They are special terminology from the Y model. DS | (overt movement) SS / | (covert movement) PF LF Today it is more common to draw a kind of T model. | | LF __SO__ PF No Deep Structure (DS) in the T model. Surface Structure is nowadays called Spell-out and is rather a point in the derivation (a point in time) than a representational ...


3

How not to do it If one were to apply Kearn's treatment of intensions for predicates to sentences, then in analogy to "the set of all dogs in all worlds" one would end up with "the set of all truth values in all worlds". Under this account, every contingent sentence (= a sentence that is not tautological or self-contradictory, and can ...


2

You can find a somewhat detailed, yet informal discussion of this topic in Chapter 5 of Isac and Reiss 2008/2013 I-Language: An Introduction to Linguistics as Cogntive Science. (I am one of the authors.)


2

Wikipedia defines the source and target domains as: Source domain: the conceptual domain from which we draw metaphorical expressions (e.g., love is a journey). Target domain: the conceptual domain that we try to understand (e.g., love is a journey). So in this case it's the other way around than you have described, with 'water / rain' being the source ...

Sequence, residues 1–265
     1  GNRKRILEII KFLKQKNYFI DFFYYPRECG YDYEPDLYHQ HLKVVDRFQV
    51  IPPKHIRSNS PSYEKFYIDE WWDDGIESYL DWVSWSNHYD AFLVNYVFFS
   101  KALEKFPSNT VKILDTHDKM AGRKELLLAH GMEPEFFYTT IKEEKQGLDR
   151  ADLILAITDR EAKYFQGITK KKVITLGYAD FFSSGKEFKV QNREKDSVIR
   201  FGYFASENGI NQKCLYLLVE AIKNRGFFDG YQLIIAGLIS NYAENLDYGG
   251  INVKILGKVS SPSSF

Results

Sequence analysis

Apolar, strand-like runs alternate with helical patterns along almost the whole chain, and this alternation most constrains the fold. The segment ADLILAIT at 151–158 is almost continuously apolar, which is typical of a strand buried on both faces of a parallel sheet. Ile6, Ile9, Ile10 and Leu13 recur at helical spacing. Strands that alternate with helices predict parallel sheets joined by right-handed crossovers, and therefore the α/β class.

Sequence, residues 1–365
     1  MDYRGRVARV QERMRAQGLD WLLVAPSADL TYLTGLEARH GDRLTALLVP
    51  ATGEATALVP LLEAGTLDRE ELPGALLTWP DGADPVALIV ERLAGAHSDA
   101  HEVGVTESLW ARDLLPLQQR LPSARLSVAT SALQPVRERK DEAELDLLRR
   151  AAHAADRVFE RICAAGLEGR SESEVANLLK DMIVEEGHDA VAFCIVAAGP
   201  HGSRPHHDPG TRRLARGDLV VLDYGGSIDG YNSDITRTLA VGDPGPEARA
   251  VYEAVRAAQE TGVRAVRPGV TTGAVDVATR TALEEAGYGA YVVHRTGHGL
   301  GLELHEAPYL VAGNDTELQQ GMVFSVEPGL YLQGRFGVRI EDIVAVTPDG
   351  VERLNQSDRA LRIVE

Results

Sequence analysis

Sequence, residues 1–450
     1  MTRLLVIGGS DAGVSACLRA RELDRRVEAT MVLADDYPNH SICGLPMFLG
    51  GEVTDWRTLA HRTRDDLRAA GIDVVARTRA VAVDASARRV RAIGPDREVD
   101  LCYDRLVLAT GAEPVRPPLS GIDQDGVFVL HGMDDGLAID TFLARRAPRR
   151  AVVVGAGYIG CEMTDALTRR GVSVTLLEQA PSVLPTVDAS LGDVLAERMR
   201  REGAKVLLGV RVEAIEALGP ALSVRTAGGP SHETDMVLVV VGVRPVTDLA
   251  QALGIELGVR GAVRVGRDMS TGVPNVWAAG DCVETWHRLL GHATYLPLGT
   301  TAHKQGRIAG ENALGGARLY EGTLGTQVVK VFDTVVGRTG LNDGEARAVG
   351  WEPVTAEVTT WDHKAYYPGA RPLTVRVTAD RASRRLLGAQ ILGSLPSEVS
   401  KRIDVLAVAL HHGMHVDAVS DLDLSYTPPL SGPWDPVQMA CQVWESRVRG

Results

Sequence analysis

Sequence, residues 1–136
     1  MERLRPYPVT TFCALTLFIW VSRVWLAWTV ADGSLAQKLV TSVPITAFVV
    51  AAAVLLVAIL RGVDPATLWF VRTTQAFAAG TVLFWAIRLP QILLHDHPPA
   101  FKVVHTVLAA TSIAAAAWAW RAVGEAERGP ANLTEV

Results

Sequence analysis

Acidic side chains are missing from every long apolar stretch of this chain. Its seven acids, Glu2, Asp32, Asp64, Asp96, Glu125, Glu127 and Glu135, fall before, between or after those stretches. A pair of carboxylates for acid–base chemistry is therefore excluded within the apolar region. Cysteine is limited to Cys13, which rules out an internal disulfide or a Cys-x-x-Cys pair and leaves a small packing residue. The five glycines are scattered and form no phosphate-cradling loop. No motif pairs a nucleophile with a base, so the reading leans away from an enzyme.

2

I agree with user6726's answer. I find that it relieves confusion to always state the counter-relations in the passive voice -- that way, the rules are stated in the order they would need to be in a linear ordering theory. If Tapping is before Raising, Tapping bleeds Raising. If Raising is before Tapping, Raising is counterbled by Tapping. (Likewise for &...


2

A language can be both “analytic” and “synthetic”, the two categories are the polar points in the analytic–synthetic spectrum (or call it ‘continuum’) on which you position languages, that's why some languages are more analytic than others, or one can say, for example, that language X is synthetic with a some analytic features, but its related language Y, ...


2

"Analytic" and "synthetic" are ends of a continuum regarding morphological versus syntactic means of combining elements, where "more morphology" is on the synthetic end and "more syntax" is on the analytic end. Since a language can use both syntax and morphology to combine elements, and languages do both, a language ...